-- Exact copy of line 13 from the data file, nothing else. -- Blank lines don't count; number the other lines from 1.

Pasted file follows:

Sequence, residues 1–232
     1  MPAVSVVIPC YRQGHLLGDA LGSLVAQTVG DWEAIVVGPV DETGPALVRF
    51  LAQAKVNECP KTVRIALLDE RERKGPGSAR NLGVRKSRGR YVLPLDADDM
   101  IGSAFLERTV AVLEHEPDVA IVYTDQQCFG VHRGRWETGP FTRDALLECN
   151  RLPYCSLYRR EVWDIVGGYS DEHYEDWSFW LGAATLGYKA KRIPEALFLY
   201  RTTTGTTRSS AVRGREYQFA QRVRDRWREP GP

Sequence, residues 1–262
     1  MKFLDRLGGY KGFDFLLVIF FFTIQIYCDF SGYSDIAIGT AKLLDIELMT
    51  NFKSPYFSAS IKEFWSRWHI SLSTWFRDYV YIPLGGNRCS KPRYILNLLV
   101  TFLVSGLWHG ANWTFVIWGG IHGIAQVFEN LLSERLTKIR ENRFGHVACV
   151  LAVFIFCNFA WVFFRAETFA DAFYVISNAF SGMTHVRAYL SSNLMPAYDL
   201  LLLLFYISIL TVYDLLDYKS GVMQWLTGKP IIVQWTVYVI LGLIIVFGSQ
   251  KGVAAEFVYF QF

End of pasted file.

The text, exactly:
   251  KGVAAEFVYF QF